with T being the temperature in ∘C and Δ18Oc-w (= δ18Oc−δ18Ow) being the oxygen isotope fractionation between brachiopod calcite and seawater, excluding data from the outer-shell layers. As opposed to the ordinary least-squares regression used in Fig. 1 and Table 3, this equation is established using a York regression (York et al., 2004) using seasonal variation for temperature uncertainties and propagated uncertainties from δ18Oc measurements and δ18Ow estimates for Δ18Oc-w uncertainties.
3.2 Trace element Ca ratios
The , , and ratios of modern-brachiopod shells range from 3.57 to 25.30 mmol mol, 0.45 to 2.05 mmol mol, 3.28 to 58.47 µmol mol and 1.86 to 18.28 mmol mol, respectively (N=47). ratios show significant but weak negative correlations (; p slope < 0.01) with temperature. ratios show significant and good negative correlations (; p slope < 0.001) with temperature, with the strongest correlation (R2 = 0.86) being reached in outer-layer samples. ratios show significant negative correlations (; p slope < 0.001) with temperature. The concentrations of these three elements (Sr, Li and Na) in brachiopod shells are strongly positively correlated with each other ( for the whole dataset), especially when considering only inner-layers sample (). No significant correlation (p slope > 0.2) of with temperature is observed in the dataset (Fig. 1; Table 3). Measured element Ca ratios are systematically higher in the outer layers than in the inner layers of brachiopod shells (Student's t test: p < 0.01; Fig. 1c–e).
3.3 Clumped isotopes
Δ47 values obtained from the selected brachiopod shells range from 0.59±0.01 ‰ to 0.69±0.01 ‰ I-CDES and are strongly correlated with ambient temperature (Table 3; Fig. 1b). Temperatures inferred from clumped isotope data were calculated using the INTERCARB calibration determined by Anderson et al. (2021), who reprocessed the data coming from various laboratories using the same carbonate standards for data correction. Clumped isotope temperatures are significantly lower than estimated MAT, with a mean deviation from environmental temperatures of ∘C (95 % CI (confidence interval); n=19).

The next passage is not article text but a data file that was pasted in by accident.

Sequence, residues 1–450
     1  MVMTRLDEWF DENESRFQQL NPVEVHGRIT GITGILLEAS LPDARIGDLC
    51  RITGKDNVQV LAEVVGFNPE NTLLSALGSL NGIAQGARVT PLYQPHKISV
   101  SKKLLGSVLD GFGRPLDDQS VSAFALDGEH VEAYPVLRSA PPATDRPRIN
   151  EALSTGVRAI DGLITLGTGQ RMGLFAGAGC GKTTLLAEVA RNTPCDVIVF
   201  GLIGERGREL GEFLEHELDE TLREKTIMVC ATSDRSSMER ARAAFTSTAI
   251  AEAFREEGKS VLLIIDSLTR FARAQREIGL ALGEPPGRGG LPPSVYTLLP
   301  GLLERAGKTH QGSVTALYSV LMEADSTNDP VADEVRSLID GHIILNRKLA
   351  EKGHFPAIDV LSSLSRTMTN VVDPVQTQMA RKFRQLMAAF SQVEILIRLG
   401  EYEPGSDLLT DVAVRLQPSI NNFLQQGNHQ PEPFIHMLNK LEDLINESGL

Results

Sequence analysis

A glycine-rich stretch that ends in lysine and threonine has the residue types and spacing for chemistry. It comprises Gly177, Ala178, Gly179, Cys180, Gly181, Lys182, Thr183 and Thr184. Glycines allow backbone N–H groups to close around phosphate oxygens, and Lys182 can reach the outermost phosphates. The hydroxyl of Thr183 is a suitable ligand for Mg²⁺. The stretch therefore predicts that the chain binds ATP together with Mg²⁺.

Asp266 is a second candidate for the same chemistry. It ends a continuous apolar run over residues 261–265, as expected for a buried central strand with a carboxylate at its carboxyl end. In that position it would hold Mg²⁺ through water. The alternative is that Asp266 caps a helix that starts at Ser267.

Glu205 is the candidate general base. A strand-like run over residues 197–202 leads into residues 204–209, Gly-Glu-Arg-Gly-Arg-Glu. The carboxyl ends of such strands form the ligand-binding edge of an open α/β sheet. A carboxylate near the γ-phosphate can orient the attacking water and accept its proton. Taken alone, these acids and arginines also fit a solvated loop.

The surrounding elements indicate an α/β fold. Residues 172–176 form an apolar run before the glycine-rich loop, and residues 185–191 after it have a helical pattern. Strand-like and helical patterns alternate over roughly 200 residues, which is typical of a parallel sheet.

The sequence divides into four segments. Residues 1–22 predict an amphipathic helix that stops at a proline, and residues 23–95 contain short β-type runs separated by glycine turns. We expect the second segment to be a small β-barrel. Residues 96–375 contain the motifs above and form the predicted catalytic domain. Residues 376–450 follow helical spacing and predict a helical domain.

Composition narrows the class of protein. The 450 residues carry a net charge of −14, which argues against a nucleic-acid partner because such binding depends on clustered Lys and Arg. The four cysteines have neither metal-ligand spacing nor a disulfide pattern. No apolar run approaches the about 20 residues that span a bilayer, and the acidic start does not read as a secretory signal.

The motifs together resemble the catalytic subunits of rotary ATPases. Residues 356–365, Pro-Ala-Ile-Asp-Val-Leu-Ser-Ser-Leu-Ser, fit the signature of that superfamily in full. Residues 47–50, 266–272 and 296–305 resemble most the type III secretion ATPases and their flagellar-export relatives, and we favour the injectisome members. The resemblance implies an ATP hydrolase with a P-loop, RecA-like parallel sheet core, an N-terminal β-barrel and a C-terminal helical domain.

4.1 Brachiopod shell paleothermometers
4.1.1 Validity and robustness of our -based fractionation equation
The oxygen isotope fractionation equation derived from our data deviates substantially from that determined by Brand et al. (2019), which is also derived from articulated brachiopod shells (Fig. 2). The two equations follow similar trends and are only offset by ∼ 0.6 ‰ at tropical temperatures (20–30 ∘C; Fig. 2a), with the equation from Brand et al. (2019) predicting a lower fractionation factor. At temperate and polar temperatures (20 to 0 ∘C), our new equation highlights a higher sensitivity of oxygen fractionation to temperature than that of Brand et al. (2019; Fig. 2). The two equations overlap at around 10 ∘C and deviate substantially around ∼ 0 ∘C, with a Δ18Oc-w difference of up to ∼ 1 ‰ between the equation of Brand et al. (2019) and our equation (Fig. 2a), a pattern also observed in the geochemical datasets (Fig. 2b). Examining the geochemical dataset revealed that the large offset between the two equations at low temperatures partly results from the use of a second-order regression model by Brand et al. (2019), as the regression curve overlaps with the highest Δ18Oc-w data points at temperatures of ∼ 1 ∘C. We preferred to use a linear regression that was more appropriate to data in the low-temperature (<50 ∘C) linear domain of the hyperbolic curve () predicted by equilibrium thermodynamics. Still, the main discrepancies between the equation proposed herein and that of Brand et al. (2019) are mainly driven by a difference in the geochemical dataset. The case of the polar brachiopods Liothyrella uva from the island of Rothera (Antarctica) highlights the likely reasons for this discrepancy at low temperatures. Indeed, δ18O values reported in both studies are the same (Brand et al., 2019), indicating that the discrepancy lies in the environmental parameters used to derive the equation. Brand et al. (2019) used published environmental parameters measured locally in late February for this site, while we approached this estimation using regional annual averages. This difference in integration time of the environmental parameters is important because the month of February records the annual maximum and minimum in seawater temperature and δ18Osw values, respectively (Meredith et al., 2013). This particular brachiopod species has a higher growth rate during the Austral winter than during the Austral summer (Peck et al., 1997), further increasing the likely seasonal bias. These discrepancies are individually relatively small (± 1–2 ∘C; ±0.5 ‰ VSMOW), but put together, they easily explain the 1 ‰ offset between both equations in the low-temperature range.